Rockwood Lodge was the training facility of the Green Bay Packers from 1946 through 1949. Originally built in 1937 as a retreat for a local Norbertine Order, the Lodge was purchased by Packers coach and general manager Curly Lambeau in 1943 and then heavily renovated to serve as the Packers training facility, making it the first self-contained training facility in pro football history. Although the facility was state-of-the-art at the time, many members of the Packers franchise and local fans complained of its large cost, distance from Green Bay, Wisconsin, and its poor practice field. The Lodge burned down in 1950, with the likely cause being faulty electrical wiring or lightning. The Packers received $75,000 in insurance money from the fire, which would be used to help reestablish the Packers long term financial security. Lambeau resigned from the Packers just a week after the fire. The Rockwood Lodge site would go on to be purchased by Brown County, Wisconsin and developed into a public park.
Rockwood Lodge was built in 1937 as a retreat for the Norbertine Order, whose abbey was located in nearby De Pere. It was located approximately 17 miles (27 km) north of the city of Green Bay, Wisconsin, on 53-acre (210,000 m2) of land sitting on a limestone bluff overlooking the eponymous Green Bay. The lodge itself was a stone and timber, cross-shaped mansion that comprised 40 rooms, including a large lobby and fireplace. The Norbertines built a boat dock, tennis courts, a baseball field, and an amphitheater at the estate. The facility was rented for weddings or other public events.
Green Bay Packers
From 1935 to 1947, the Packers hosted their training camp at Pinewood Lodge, a resort in Rhinelander, Wisconsin. However, Packers coach and general manager Curly Lambeau had a desire to develop a training facility where his players and their families could live together for the entire season. He had been infatuated with Rockwood Lodge and in 1946 convinced the Packers board of directors to authorize the purchase of the estate for $32,000, which at the time was a significant amount of money for the Packers. They also authorized an additional $12,000 for renovations and the construction of cottages for players' families. The renovations made the Lodge "a state-of-the-art football facility complete with lockers, classrooms, dorms and a restaurant-quality kitchen." It is also considered to be the first self-contained training facility in pro football history.
The Lodge was widely praised by those who were connected to the Packers. The facility provided free housing for players and their families, strengthened team chemistry, However, the facility was not without controversy. Many players complained that the practice field was extremely hard and led to multiple injuries. This hardness was caused by the location of the Lodge and practice field on a granite bluff above Lake Michigan. Many team executives also thought the cost of the facility and renovations were exorbitant, considering the purchase price was 25% of the team's yearly operating budget. Lastly, many fans were disappointed at the distance from Green Bay to Rockwood Lodge and missed seeing the players and practices in town. The facility also proved to be a severe drain on the Packers' finances, who were also facing poor on-field performance and a possible merger with the All-America Football Conference that many feared would lead the team folding or being moved to another market.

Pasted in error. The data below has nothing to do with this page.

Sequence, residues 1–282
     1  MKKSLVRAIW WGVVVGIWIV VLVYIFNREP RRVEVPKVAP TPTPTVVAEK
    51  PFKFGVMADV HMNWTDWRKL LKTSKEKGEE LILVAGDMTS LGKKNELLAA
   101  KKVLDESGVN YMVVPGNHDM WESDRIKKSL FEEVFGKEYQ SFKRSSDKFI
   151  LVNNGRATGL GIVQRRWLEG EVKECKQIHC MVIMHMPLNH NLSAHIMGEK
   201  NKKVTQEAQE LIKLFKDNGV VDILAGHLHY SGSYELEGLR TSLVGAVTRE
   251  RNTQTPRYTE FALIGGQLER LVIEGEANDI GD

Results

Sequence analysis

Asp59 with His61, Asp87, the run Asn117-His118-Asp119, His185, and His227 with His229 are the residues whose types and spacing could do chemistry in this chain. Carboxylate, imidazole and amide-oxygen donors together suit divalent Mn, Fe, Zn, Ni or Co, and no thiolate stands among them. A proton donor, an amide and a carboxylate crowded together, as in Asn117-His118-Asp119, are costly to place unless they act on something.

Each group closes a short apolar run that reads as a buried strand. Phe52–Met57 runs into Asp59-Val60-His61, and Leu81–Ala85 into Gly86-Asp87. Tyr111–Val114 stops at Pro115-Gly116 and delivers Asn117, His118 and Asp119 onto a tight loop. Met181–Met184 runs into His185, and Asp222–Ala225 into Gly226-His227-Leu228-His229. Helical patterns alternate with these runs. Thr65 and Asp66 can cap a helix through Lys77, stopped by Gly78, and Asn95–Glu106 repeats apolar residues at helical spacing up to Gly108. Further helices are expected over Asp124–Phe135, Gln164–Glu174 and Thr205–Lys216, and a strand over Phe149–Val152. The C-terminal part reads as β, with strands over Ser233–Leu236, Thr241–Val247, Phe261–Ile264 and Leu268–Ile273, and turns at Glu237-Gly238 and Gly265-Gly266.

After only three seasons, on January 24, 1950, Rockwood Lodge, empty except for a caretaker and his family, burned down. The family was unharmed, but the building completely burned except for the stone walls. Everything in the building except a coach and a photo of Curly Lambeau, including all of the caretaker's possessions, was destroyed. The building's large wood roof, cellulose insulation, and heavy winds all contributed to the destruction. The cause of the fire was never ascertained for certain, although wiring or a lightning strike was suspected. Due to the Packers' financial woes and the lack of a clear cause of the fire, rumors quickly spread that someone linked with the team deliberately set the fire for the insurance money. These rumors still persist, however they have been debunked based on interviews with the caretaker's family and team officials.
A number of consequences resulted from the fire. First, the insurance money ended up providing a significant boost to the team's financial outlook. Instead of rebuilding the facility, the team used the insurance money, funds from a special Thanksgiving Day intra-squad game, and a stock drive to return the team to profitability. Second, Lambeau resigned his position with the Packers about a week after the fire and moved to Chicago to coach the Cardinals. Lastly, after the fire, the Packers moved their training camp to Grand Rapids, Minnesota, from 1950 through 1953. They then moved to Stevens Point, Wisconsin, from 1954 to 1957 before switching to St. Norbert College in De Pere, Wisconsin, where they train to this day[update].
Bay Shore Park
After sitting dormant for a number of years, the area comprising Rockwood Lodge was purchased from the Packers by Brown County, Wisconsin. The county had been awarded $33,500 in 1968 from the Land and Water Conservation Fund to help develop a new county park. Bay Shore Park opened in 1974, although some boating facilities and parking would go on to be developed later in the mid-1970s. The park includes campgrounds, picnic areas, a playground, trails, and parking. The park's boat facilities include a ramp, a breakwater, and docks. Although little remains from the Packer years, the park still hosts Packers-related activities.
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